As a result, PK is frequently characterized by slow, insufficient, and unsatisfactory visual rehabilitation, which is even further complicated by refractive problems such as anisometropia and high (irregular) astigmatism (Tan et al, 2012; Williams et al, 1995; Claesson et al, 2002). Thus, contact lens fitting after PK has become an indispensable part of postoperative visual rehabilitation, which can be challenging due to the complex corneal topography and physiology of a PK-eye.

Deep Anterior Lamellar Keratoplasty For treating corneal diseases not involving the corneal endothelium, such as keratoconus and stromal scars or dystrophies, DALK allows replacement of diseased recipient stroma with donor corneal stroma, while the recipient corneal endothelium and Descemet’s membrane (DM) are retained (Figure 1). This better preserves the ocular integrity, permitting earlier suture removal and faster visual rehabilitation due to faster wound recovery and, consequently, fewer wound healing-related problems (Melles et al, 1999; Reinhart et al, 2011; Tan et al, 2012). Similar to PK, however, the anterior transplant in DALK also requires fixation by sutures. In addition, despite good graft clarity after successful DALK, visual rehabilitation may be equally compromised due to unpredictable refractive outcomes with irregular astigmatism and anisometropia (Reinhart et al, 2011). Hence, also after DALK, contact lens fitting plays an important role in improving postoperative visual performance.

Endothelial Keratoplasty: DSAEK and DMEK Endothelial keratoplasty (EK) has practically replaced PK as the preferred method for treating endothelial disorders such as Fuchs’ endothelial dystrophy and bullous keratopathy (Melles, 2006; Tan et al, 2012; Dapena et al, 2009; Bahar et al, 2008). In modern EK techniques, the diseased DM—with its endothelium—is stripped from the recipient posterior stroma. After that, the donor tissue is transferred into the anterior chamber where it is unfolded and then attached to the recipient stroma through the use of an air bubble, without suturing. Consequently, the anterior corneal surface is no longer compromised by corneal surface incisions and/or sutures; this preserves structural integrity, reduces wound healing problems, and eliminates suture-derived complications (Melles, 2006; Tan et al, 2012; Dapena et al, 2009; Bahar et al, 2008). Major refractive changes are also avoided, allowing for a faster and more complete visual rehabilitation that can usually be obtained with spectacle correction only (Dapena et al, 2009; Price and Price, 2010; van Dijk, Ham et al, 2013).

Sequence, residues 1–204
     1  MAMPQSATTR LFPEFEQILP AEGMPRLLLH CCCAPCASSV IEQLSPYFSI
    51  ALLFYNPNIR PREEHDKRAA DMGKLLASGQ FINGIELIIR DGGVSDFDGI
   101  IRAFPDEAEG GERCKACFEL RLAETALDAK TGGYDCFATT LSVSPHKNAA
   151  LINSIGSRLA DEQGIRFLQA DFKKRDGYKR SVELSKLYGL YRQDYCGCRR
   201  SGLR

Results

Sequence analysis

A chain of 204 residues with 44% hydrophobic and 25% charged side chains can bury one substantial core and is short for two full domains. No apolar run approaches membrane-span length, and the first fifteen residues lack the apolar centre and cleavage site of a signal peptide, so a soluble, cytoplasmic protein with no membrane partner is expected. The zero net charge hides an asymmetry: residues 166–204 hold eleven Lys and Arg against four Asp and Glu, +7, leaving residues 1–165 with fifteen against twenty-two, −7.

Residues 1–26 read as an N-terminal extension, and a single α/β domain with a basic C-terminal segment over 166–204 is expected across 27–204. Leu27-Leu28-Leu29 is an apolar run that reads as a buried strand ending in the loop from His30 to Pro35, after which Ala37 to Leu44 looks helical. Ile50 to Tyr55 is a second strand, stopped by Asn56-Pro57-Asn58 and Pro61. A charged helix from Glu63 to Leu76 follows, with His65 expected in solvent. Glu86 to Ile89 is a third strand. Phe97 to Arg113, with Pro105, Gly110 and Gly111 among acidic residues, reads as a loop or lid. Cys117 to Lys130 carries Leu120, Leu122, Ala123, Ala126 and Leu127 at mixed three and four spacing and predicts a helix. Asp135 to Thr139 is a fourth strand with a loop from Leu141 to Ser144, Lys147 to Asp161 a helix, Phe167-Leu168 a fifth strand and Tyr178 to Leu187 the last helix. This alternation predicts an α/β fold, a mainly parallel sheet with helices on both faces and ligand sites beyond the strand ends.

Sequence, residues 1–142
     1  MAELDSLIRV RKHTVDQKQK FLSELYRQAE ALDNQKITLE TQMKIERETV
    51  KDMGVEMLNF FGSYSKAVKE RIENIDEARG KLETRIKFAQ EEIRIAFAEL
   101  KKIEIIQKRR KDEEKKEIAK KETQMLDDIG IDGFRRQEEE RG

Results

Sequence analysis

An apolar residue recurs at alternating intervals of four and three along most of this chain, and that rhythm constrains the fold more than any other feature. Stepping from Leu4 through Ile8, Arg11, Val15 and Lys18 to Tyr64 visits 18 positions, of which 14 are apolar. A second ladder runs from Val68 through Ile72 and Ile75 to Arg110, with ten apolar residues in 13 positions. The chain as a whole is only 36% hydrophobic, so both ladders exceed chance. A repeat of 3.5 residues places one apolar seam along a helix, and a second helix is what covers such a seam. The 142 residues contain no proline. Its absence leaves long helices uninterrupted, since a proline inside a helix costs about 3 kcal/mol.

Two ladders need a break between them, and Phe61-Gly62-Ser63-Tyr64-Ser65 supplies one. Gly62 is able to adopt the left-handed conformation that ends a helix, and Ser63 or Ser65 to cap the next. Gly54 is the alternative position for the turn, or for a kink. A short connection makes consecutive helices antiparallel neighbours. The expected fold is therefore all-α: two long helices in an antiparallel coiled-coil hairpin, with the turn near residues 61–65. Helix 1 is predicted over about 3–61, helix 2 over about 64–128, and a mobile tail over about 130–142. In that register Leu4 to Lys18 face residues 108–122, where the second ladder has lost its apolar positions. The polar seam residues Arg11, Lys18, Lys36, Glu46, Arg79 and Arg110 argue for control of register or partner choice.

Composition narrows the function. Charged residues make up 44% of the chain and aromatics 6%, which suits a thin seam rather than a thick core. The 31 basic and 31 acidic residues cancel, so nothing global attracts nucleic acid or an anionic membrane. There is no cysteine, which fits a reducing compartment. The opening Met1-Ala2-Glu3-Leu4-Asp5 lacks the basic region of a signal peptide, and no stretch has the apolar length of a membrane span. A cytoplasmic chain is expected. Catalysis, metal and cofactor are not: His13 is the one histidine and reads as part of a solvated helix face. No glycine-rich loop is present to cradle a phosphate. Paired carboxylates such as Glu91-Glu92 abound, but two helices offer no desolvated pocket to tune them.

Currently, the most widely used technique is DSAEK, in which the donor tissue consists not only of DM and endothelium, but also of an additional (thin) layer of posterior stroma (Figure 1) (Melles, 2006; Price and Price, 2010; Price et al, 2011; Guerra et al, 2011). Even though visual recovery after DSAEK is superior to that after PK, the DSAEK-graft’s layer of attached stroma can undermine the optical performance, so fewer cases than expected achieve a visual acuity (VA) ≥20/25 after DSAEK (Dapena et al, 2009; Price and Price, 2010; Guerra et al, 2011).

In contrast, with DMEK (the latest refinement of endothelial keratoplasty), only an isolated DM with its endothelium is transplanted, resulting in near normal anatomical corneal restoration with approximately 80% of eyes reaching ≥20/25 VA within six months after surgery (Figures 1 and 2) (Dapena et al, 2009; Price and Price, 2010; van Dijk, Ham et al, 2013; Guerra et al, 2011). Although the anterior cornea does not appear to be compromised in either DSAEK or DMEK, the final visual outcome may sometimes be limited by anterior corneal irregularities often revealed with corneal topography examinations only (Figure 3) (Dapena et al, 2013; van Dijk, Ham et al, 2013).

Figure 2. Slit lamp photograph of an eye at three months after DMEK for Fuchs’ endothelial dystrophy. Note the near anatomical restoration of the transplanted cornea (A) as well as its clarity after DMEK (B).